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Spatially varying effects of measured confounding variables on disease risk

Abstract

Background

The presence of considerable spatial variability in incidence intensity suggests that risk factors are unevenly distributed in space and influence the geographical disease incidence distribution and pattern. As most human common diseases that challenge investigators are complex traits and as more factors associated with increased risk are discovered, statistical spatial models are needed that investigate geographical variability in the association between disease incidence and confounding variables and evaluate spatially varying effects on disease risk related to known or suspected risk factors. Information on geography that we focus on is geographical disease clusters of peak incidence and paucity of incidence.

Methods

We proposed and illustrated a statistical spatial model that incorporates information on known or hypothesized risk factors, previously detected geographical disease clusters of peak incidence and paucity of incidence, and their interactions as covariates into the framework of interaction regression models. The spatial scan statistic and the generalized map-based pattern recognition procedure that we recently developed were both considered for geographical disease cluster detection. The Freeman-Tukey transformation was applied to improve normality of distribution and approximately stabilize the variance in the model. We exemplified the proposed method by analyzing data on the spatial occurrence of sudden infant death syndrome (SIDS) with confounding variables of race and gender in North Carolina.

Results

The analysis revealed the presence of spatial variability in the association between SIDS incidence and race. We differentiated spatial effects of race on SIDS incidence among previously detected geographical disease clusters of peak incidence and incidence paucity and areas outside the geographical disease clusters, determined by the spatial scan statistic and the generalized map-based pattern recognition procedure. Our analysis showed the absence of spatial association between SIDS incidence and gender.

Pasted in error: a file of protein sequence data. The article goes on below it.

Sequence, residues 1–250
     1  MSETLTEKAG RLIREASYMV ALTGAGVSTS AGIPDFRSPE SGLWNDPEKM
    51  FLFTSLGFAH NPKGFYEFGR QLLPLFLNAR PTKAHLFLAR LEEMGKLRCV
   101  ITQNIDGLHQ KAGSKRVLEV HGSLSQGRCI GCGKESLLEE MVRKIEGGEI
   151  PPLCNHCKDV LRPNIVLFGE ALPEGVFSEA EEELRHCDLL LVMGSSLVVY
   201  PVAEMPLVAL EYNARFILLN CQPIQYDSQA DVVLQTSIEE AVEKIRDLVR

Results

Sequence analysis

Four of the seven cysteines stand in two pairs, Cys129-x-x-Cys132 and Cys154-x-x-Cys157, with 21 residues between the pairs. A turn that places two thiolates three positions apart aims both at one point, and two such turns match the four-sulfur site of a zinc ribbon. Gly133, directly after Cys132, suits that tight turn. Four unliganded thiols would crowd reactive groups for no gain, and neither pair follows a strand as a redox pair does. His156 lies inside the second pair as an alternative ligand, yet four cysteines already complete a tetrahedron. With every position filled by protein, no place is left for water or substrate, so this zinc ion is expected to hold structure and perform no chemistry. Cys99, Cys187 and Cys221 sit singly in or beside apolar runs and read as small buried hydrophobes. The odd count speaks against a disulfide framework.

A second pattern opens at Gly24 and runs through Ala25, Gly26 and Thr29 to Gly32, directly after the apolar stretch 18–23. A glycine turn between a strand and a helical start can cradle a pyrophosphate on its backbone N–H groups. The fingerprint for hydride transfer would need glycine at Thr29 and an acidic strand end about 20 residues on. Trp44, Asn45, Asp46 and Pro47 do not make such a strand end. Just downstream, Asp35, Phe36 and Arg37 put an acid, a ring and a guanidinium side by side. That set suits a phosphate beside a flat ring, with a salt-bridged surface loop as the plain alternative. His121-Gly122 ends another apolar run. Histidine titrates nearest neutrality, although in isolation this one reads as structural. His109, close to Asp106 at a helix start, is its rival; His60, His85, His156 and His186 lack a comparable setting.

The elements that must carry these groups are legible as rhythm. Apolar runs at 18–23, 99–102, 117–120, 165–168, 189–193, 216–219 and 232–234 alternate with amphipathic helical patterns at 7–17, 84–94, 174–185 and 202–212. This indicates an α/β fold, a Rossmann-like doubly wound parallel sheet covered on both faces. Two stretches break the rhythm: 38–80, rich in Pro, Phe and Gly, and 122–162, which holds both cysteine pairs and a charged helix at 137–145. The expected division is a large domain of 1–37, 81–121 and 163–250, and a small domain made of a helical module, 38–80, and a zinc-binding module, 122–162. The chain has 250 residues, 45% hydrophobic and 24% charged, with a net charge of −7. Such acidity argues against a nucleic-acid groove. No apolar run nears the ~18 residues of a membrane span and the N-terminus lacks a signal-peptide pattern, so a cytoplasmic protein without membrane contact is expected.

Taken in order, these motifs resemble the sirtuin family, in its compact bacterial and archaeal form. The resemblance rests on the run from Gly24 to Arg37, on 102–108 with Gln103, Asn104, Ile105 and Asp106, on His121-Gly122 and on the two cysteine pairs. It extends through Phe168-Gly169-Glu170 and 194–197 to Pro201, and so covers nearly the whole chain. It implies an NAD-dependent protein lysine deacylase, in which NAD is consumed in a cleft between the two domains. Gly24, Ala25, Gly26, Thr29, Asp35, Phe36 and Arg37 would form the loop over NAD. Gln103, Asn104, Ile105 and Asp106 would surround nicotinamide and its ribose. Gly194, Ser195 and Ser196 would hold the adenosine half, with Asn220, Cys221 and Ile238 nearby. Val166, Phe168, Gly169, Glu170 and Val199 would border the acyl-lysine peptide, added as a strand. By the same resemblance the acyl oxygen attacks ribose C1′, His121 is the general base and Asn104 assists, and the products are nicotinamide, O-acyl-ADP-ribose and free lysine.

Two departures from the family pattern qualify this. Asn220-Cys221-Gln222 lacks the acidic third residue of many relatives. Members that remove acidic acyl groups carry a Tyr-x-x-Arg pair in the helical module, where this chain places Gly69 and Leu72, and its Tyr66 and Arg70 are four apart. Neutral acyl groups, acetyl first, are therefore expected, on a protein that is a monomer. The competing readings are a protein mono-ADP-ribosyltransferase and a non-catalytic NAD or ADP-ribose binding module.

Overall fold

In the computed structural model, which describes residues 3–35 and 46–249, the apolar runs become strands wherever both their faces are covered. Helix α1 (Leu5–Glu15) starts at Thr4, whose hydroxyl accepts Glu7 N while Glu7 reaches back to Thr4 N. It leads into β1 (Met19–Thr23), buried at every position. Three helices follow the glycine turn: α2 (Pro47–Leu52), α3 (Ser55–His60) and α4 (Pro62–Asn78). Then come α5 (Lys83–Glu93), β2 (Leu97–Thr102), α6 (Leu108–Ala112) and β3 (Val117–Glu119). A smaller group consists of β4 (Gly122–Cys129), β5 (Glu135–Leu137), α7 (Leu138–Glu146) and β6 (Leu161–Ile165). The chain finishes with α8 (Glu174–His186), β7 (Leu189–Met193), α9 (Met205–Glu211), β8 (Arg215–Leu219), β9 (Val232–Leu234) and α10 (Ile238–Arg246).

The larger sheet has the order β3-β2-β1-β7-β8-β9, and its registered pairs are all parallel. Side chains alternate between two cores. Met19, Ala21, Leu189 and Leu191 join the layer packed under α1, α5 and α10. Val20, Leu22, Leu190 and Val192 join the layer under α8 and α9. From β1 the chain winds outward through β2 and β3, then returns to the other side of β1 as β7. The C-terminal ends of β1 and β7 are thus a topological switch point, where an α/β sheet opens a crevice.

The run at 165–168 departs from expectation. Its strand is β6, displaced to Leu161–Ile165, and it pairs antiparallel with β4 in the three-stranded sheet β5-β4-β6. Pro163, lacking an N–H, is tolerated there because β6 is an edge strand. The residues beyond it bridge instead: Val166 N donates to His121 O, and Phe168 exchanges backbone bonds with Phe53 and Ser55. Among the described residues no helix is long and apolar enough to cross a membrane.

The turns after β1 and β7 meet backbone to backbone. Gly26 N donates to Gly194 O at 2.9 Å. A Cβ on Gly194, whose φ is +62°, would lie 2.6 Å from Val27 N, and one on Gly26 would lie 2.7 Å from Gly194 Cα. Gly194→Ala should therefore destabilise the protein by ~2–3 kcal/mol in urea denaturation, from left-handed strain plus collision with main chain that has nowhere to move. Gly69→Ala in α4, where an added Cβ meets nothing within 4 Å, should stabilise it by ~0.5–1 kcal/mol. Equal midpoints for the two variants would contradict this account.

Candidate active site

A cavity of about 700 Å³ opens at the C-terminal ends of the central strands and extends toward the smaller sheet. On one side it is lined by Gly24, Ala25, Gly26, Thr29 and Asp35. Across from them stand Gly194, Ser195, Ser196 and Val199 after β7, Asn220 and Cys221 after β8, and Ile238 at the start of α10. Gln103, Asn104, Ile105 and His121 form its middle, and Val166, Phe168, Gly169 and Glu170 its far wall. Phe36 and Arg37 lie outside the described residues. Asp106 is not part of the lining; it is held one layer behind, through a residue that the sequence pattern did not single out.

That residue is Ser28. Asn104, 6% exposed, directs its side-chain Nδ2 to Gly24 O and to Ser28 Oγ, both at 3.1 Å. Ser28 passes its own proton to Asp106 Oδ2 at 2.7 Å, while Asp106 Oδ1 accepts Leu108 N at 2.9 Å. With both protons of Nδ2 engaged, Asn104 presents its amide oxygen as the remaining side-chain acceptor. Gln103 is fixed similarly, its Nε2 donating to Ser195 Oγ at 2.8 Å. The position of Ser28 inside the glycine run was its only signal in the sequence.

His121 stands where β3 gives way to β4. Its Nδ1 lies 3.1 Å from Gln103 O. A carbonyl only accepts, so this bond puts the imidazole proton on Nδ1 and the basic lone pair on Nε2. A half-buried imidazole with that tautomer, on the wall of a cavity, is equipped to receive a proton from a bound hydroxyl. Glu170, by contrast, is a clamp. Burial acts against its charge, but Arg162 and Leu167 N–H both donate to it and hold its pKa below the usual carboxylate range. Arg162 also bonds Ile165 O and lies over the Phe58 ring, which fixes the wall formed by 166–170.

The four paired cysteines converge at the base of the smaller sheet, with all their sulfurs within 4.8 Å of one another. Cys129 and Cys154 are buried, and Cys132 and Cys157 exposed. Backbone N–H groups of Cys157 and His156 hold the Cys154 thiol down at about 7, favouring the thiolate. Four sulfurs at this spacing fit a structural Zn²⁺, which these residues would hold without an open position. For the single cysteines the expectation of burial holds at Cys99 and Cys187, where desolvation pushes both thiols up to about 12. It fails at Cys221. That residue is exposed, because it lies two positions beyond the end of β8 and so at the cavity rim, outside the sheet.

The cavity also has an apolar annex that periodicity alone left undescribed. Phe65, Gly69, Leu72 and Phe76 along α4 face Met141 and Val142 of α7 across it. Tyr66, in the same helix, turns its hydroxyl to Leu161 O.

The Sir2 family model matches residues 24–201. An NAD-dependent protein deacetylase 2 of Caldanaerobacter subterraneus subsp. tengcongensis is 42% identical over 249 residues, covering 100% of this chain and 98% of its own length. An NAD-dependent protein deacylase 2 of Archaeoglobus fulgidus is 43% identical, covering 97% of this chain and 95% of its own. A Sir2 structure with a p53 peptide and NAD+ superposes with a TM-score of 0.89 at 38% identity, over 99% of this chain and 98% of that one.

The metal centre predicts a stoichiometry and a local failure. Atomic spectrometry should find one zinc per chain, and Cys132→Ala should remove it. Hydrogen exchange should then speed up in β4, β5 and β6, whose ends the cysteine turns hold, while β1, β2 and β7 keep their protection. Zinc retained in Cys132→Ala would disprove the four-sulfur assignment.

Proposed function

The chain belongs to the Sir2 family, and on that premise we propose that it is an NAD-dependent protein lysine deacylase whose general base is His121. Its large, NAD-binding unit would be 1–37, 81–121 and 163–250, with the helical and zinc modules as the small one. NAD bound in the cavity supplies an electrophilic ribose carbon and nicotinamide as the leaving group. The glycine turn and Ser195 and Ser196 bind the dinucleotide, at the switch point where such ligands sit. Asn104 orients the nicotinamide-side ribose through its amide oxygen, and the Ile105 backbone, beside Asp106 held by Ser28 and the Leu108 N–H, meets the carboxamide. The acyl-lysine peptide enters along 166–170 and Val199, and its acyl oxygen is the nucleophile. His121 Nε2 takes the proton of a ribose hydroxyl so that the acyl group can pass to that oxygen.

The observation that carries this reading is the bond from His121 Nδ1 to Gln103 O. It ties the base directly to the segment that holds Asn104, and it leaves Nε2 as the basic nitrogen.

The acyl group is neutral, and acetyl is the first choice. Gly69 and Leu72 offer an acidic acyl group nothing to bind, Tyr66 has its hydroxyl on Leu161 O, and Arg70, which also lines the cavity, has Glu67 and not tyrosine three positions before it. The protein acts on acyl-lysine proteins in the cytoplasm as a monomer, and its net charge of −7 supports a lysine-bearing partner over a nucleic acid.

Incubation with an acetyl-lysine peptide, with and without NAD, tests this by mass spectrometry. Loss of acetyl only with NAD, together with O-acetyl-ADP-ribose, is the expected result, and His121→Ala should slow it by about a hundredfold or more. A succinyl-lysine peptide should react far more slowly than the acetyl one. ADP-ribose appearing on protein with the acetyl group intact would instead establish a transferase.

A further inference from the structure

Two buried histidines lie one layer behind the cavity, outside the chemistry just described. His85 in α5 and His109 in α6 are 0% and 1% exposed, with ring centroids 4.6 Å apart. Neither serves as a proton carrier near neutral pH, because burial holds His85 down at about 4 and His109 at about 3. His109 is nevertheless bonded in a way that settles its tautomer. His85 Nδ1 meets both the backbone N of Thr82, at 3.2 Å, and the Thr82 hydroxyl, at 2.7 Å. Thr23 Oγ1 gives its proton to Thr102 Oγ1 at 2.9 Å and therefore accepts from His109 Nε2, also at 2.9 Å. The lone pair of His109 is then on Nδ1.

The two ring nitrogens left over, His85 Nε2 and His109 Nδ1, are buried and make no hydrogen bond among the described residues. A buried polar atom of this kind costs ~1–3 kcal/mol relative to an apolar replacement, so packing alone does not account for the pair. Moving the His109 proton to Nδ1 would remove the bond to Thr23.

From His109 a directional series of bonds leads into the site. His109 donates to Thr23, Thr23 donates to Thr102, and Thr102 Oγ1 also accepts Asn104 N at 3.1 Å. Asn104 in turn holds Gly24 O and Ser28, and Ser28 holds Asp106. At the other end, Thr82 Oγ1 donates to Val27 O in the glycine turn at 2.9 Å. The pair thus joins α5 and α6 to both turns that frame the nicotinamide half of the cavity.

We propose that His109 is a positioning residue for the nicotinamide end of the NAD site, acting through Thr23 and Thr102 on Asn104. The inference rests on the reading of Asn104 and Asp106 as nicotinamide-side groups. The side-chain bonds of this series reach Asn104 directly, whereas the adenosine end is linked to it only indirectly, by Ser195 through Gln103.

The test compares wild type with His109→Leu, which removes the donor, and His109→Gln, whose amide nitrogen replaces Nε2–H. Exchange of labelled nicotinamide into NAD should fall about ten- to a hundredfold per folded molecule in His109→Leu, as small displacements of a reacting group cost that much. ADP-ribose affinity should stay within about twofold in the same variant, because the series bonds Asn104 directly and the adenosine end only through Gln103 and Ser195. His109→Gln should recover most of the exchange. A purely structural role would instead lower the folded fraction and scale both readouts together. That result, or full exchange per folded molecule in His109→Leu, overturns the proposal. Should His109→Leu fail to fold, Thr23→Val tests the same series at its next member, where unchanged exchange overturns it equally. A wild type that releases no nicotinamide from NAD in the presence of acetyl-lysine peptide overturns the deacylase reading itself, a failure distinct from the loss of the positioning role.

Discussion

Conclusion

The application to the SIDS incidence data demonstrates the ability of our proposed model to estimate spatially varying associations between disease incidence and confounding variables and distinguish spatially related risk factors from spatially constant ones, providing valuable inference for targeted environmental and epidemiological surveillance and management, risk stratification, and thorough etiologic studies of disease.

Introduction

The presence of considerable spatial variability with respect to incidence intensity of disease suggests that risk factors are unevenly distributed in space and influence the geographical disease incidence distribution and pattern. The detection and characterization of spatial, temporal, and space–time clusters of adverse health events aim for a greater understanding of the etiology and underlying causal mechanism of disease or the identification of common causal exposure for disease [1,2,3,4]. Although extensive spatial disease cluster detection analyses for numerous diseases have been performed, statistical spatial models that focus on quantitatively differentiating spatial effects of measured confounding variables on disease risk across the regions under study have not been fully explored. When increasing risk factors for adverse health events are detected or identified and could make a major impact on disease risk, robust methods that accurately estimate the spatially varying disease risk attributable to measured confounding variables are needed.

The vast majority of human common diseases that continue to challenge investigators are complex traits, such as cardiovascular disease, cancers, psychiatric disorders, and auto-immune disorders. They are caused by several or many genetic, environmental, or lifestyle factors and possibly interaction between risk factors combined with small effect each [5]. It is unlikely that one single risk factor or exposure for human complex disease can largely account for geographical heterogeneous distribution and clustering pattern of incidence. Even if the relative risk for specific factor and disease is high, we often note that not all occurrence of disease clustering is due only to specific exposure in question. Thus, development of statistical spatial model is needed that determines and assesses spatially varying associations between disease incidence and known or suspected risk factors.